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Volume 7, Issue 4: Stauron

His Prayer from the Cross

Jim Nance

"Then Jesus said, `Father, forgive them, for they do not know what they do'" (Luke 23:34).

Though so often true of sinful men, no one can truly say of Jesus that He did not practice what He preached. For in the verse above we see Jesus praying for His enemies, His crucifiers, even as He taught us to "pray for those who spitefully use you and persecute you" (Matt. 5:44). He prayed for the forgiveness of those who murdered Him. Now in this prayer Jesus acknowledges that these men were unaware of what they were doing_unaware, apparently, that they were executing the Righteous One, the Son of God. Yet sins committed in ignorance remain sins (cf. Heb. 9:7). Jesus here clearly demonstrates that their guilt is real, for if they were not truly guilty there would be no need for the forgiveness which Christ prayed for God to grant.
Equally evident from Scripture is the glorious truth that whatever Jesus asks for in prayer He receives. Nothing can impede Christ's prayers. We can be hindered by sin, as David said, "If I regard iniquity in my heart, the Lord will not hear" (Psalm 66:18, cf. James 4:3). But Jesus knew no sin. And unlike us, the Son always knows the Father's will. This is important because we know "that if we ask anything according to His will, He hears us. And if we know that He hears us, whatever we ask, we know that we have the petitions that we have asked of Him" (1 John 5:14-15). The Father always hears the Son, as Jesus declared in confidence at the grave of Lazarus (John 11:42), knowing that the Father would grant His petition. This is also why we make our prayers in Jesus' name. Though we are sinful and finite in our knowledge of God's will, Jesus is not. Thus nothing can thwart His prayer, including His prayer from the cross.
We conclude that the men for whom Christ prayed, whoever they were, were thus forgiven; and if forgiven then saved, for no forgiveness is granted by God apart from complete salvation in Christ.
Who then were these forgiven crucifiers of Christ? The immediate context of our verse suggests the Roman soldiers. They made His cross and hammered the nails in His hands and feet. Christ's avowal that "they do not know what they do" seems appropriate. If so, God may have answered His prayer very quickly, for immediately following Christ's death the Roman centurion and those with him declared, perhaps in evangelical faith, "Truly this was the Son of God" (Matt. 27:54).
But a second look leads us to another likely possibility, namely, those Jews of Jerusalem who called for Christ's crucifixion, who at His trial before Pilate said, "His blood be on us and on our children!" (Matt. 27:25). Though by His blood they meant responsibility for His death, in His sovereignty God turned their words around and applied Christ's blood for the far more glorious work of their eternal salvation. How do we know?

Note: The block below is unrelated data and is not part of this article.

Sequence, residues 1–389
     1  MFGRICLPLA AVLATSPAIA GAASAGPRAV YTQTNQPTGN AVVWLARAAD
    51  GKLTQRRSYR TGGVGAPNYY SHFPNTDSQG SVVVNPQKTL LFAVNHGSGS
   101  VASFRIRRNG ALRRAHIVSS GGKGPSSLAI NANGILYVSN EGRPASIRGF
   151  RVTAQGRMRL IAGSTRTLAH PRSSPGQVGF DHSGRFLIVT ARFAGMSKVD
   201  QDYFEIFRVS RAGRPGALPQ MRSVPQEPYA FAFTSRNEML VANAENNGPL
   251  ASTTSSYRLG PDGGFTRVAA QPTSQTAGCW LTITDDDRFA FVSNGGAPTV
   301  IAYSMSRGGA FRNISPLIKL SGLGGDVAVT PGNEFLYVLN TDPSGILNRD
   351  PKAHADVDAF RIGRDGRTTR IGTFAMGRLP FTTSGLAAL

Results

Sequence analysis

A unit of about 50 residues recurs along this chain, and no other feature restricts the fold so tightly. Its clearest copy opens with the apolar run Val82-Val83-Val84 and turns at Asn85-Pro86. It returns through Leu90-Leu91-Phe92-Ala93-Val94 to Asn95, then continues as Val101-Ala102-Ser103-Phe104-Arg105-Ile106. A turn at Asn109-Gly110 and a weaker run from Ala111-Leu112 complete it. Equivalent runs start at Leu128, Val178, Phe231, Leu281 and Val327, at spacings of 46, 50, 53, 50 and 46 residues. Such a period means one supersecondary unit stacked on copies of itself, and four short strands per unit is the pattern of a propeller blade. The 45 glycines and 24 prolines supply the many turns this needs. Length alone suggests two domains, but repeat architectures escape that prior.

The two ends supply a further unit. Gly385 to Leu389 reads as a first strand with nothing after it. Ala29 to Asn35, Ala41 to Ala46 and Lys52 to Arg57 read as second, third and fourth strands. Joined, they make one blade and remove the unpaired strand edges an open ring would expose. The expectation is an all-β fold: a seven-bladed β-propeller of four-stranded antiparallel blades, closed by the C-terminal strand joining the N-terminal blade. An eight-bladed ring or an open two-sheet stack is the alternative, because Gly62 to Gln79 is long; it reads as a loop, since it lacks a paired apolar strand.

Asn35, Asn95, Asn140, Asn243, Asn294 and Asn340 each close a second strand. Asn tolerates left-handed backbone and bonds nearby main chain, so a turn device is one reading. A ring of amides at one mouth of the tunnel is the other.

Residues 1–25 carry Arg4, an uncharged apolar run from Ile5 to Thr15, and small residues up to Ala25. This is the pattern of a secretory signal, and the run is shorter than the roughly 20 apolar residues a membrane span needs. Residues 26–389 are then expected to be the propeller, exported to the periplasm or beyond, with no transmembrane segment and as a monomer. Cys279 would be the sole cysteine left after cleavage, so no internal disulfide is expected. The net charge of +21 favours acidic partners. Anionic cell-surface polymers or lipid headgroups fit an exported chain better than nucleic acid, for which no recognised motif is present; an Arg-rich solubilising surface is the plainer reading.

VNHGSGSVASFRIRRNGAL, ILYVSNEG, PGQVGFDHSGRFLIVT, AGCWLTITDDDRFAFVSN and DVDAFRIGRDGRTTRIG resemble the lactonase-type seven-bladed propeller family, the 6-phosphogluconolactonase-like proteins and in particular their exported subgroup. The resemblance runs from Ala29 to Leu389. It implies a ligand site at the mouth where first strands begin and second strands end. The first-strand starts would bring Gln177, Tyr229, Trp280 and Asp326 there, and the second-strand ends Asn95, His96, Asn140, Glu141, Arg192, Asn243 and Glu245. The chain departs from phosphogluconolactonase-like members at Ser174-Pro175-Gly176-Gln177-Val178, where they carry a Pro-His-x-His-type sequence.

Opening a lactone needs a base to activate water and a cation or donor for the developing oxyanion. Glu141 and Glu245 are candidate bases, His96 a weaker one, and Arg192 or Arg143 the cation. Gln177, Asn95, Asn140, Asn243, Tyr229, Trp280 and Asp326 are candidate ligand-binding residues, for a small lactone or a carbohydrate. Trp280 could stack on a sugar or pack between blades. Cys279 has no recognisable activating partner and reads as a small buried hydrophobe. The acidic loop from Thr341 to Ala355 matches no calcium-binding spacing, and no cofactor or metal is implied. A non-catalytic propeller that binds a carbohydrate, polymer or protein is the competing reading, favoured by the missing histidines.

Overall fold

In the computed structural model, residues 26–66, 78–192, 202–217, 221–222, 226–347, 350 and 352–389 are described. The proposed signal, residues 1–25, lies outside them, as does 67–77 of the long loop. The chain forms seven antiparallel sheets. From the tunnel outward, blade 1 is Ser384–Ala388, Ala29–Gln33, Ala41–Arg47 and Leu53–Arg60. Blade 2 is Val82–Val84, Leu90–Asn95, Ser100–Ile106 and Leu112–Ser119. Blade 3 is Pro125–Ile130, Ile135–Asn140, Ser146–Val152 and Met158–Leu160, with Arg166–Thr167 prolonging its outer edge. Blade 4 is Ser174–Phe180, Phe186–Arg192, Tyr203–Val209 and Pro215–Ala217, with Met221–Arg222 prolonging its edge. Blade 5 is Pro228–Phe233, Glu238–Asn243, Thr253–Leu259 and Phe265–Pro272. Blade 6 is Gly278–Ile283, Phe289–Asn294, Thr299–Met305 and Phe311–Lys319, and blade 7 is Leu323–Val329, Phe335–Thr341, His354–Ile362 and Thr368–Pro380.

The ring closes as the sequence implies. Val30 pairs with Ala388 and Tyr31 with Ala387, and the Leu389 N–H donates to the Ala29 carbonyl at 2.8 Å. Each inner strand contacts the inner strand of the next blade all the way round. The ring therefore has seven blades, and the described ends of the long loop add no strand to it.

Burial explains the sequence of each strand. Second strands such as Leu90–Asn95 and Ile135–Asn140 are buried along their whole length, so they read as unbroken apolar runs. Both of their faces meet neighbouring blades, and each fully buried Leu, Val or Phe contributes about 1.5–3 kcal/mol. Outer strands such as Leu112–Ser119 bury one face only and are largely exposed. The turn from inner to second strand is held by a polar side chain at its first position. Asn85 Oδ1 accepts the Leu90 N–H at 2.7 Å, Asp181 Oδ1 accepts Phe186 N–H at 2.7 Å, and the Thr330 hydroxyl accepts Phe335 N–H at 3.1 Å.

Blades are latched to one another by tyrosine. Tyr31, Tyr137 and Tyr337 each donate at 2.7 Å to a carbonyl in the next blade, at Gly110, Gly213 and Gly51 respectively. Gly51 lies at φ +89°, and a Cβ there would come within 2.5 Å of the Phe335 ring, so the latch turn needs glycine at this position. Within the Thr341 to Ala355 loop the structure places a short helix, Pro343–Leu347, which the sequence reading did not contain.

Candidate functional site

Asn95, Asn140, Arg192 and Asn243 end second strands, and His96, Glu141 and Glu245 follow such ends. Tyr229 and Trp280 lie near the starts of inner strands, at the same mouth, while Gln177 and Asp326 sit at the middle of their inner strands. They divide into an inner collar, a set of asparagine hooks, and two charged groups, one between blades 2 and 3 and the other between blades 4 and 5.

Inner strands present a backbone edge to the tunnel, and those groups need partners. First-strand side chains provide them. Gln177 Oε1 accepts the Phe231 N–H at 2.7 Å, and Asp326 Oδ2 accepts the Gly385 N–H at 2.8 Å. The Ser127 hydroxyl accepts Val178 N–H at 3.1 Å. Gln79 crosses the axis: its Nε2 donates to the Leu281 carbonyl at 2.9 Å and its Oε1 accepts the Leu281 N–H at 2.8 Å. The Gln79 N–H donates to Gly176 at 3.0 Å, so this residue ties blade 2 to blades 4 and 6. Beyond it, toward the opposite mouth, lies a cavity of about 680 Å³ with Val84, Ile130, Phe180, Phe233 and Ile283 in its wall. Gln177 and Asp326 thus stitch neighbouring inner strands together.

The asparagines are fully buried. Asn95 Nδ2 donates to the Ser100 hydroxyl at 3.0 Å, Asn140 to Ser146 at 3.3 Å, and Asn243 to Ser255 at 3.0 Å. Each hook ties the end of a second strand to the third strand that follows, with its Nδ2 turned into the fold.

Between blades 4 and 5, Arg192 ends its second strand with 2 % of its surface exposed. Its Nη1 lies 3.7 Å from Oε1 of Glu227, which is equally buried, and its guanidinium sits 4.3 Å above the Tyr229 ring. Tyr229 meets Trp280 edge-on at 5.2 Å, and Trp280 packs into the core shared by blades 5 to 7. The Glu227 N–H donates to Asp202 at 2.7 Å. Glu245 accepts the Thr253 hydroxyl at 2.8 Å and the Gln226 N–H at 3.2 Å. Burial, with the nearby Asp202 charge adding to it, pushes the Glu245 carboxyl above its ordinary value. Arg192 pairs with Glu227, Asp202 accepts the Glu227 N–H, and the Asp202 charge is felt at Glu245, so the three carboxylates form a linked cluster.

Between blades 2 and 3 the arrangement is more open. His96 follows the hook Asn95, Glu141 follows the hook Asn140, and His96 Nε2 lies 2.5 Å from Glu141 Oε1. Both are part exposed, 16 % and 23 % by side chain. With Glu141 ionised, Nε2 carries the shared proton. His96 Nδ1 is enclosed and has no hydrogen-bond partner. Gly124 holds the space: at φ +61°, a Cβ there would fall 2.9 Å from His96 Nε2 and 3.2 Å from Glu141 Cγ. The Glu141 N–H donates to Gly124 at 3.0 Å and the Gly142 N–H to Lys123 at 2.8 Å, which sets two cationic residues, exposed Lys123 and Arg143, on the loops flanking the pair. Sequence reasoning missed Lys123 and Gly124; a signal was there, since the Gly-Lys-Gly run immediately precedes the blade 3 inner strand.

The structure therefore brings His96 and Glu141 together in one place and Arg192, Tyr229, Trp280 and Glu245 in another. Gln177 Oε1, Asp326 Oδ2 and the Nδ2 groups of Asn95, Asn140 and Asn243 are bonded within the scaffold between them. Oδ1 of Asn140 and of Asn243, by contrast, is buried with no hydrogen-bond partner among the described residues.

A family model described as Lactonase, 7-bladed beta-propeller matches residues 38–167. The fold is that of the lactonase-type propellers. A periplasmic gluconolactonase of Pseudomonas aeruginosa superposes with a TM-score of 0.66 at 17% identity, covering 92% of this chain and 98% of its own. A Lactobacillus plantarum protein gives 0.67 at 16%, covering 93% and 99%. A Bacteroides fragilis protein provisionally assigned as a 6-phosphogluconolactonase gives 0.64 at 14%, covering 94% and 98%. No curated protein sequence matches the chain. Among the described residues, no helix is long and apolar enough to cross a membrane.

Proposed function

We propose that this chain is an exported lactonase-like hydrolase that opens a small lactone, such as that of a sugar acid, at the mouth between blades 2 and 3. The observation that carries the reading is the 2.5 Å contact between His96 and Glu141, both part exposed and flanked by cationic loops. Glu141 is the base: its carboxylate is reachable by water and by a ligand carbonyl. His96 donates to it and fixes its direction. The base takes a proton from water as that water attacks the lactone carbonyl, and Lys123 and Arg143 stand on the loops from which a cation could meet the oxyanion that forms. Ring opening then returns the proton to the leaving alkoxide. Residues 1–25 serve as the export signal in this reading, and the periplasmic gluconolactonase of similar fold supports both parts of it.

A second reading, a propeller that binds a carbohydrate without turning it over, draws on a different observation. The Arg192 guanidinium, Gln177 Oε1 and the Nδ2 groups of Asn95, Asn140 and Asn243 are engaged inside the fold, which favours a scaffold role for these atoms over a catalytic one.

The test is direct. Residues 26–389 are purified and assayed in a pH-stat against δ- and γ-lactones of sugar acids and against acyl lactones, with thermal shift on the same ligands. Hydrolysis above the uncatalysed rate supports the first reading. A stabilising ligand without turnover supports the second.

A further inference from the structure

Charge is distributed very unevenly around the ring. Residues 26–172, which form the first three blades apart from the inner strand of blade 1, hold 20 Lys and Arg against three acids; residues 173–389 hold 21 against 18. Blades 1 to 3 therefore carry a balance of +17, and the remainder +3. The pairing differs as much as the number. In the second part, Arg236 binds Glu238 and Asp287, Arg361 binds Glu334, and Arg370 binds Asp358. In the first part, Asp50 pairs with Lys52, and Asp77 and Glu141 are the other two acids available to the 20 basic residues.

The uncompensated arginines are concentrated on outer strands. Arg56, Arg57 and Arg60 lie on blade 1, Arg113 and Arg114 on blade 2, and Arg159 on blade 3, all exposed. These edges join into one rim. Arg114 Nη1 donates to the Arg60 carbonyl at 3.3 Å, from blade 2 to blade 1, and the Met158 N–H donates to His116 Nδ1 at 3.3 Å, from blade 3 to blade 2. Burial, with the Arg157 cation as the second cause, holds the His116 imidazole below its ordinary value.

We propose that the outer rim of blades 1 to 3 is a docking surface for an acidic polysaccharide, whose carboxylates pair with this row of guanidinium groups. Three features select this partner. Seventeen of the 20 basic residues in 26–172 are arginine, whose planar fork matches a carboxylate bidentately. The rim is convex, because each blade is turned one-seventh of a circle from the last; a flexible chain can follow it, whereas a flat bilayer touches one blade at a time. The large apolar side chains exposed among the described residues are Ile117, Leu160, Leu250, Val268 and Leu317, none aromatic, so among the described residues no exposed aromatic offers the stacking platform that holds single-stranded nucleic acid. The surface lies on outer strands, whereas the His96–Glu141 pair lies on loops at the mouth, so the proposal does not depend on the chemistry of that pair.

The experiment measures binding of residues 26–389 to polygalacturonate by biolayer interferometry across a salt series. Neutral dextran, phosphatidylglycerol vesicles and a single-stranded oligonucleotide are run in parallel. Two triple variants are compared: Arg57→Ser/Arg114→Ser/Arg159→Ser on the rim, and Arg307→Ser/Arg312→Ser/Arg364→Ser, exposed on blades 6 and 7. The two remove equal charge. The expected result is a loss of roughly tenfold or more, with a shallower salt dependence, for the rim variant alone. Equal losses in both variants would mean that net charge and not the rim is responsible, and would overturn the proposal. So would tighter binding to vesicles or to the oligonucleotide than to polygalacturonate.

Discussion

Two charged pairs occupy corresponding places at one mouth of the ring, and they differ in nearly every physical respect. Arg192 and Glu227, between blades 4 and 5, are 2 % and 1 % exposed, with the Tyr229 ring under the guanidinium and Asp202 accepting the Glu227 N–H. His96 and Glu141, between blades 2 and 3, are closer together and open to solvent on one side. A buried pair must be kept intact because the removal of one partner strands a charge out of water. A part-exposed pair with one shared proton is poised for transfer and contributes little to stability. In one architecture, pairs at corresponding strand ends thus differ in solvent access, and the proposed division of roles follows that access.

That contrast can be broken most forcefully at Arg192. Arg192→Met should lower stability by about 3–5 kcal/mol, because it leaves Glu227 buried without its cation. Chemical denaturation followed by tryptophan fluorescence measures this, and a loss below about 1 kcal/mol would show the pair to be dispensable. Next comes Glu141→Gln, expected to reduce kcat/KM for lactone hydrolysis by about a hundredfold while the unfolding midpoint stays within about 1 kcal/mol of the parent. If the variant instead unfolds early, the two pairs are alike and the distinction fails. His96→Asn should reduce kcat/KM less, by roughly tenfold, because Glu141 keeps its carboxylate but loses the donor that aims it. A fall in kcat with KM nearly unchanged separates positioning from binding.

When by God's power Peter and John healed the lame man at the temple gate called Beautiful, a large crowd of Jews gathered to whom Peter preached. He said to them, "The God of Abraham, Isaac, and Jacob, the God of our fathers, glorified His Servant Jesus, whom you delivered up and denied in the presence of Pilate, when He was determined to let Him go. But you denied the Holy One and Just, and asked for a murderer to be granted to you, and killed the Prince of life" (Acts 3:13-15). Thus Peter puts the blame for Christ's crucifixion, not on the Romans, but on the Jews at His trial. But do His words, "they do not know what they do" fit these Jews? Peter thought so, for he then said, "Yet now, brethren, I know that you did it in ignorance, as did also your rulers. But those things which God foretold by the mouth of all His prophets, that the Christ would suffer, He has thus fulfilled" (Acts 13:17-18). God used the sinful ignorance of the Jews of Christ's day to fulfill the salvation which He planned from eternity and declared through the prophets. This salvation was granted first to these Jews, as Peter declared, "You are sons of the prophets, and of the covenant which God made with our fathers, saying to Abraham, `And in your seed all the families of the earth shall be blessed.' To you first, God, having raised up His Servant Jesus, sent Him to bless you, in turning every one of you from your iniquities" (Acts 13:25-26). Jesus indeed blessed them greatly by His prayer from and death on the cross, for "many of those who heard the word believed; and the number of the men came to be about five thousand" (Acts 4:4).
From all this we learn first that Jesus' prayer from the cross was not a general prayer for the salvation of the non-elect, as some have taken it. Jesus is praying for a specific group of Jews by whom He was crucified. [*]
Furthermore, we see in this the magnificent mercy and grace of God the Son, for though He could have called upon twelve legions of angels to take immediate vengeance upon His enemies who sent Him to a torturous death on the cross, yet He Himself intercedes for them and dies even for these great sins. How much more should we take confidence in Christ's intercession and death to save us from our sin.
Finally, we see God's love for His covenant people to whom the gospel first came, the gospel which was "for the Jew first and also for the Greek" (Rom. 1:16), as Paul says later, "God has not cast away His people, whom He foreknew" (Rom. 11:2). Indeed, God gathered to Himself many thousands of Jews in the first century, the firstfruits of what He will accomplish when all Israel is saved.

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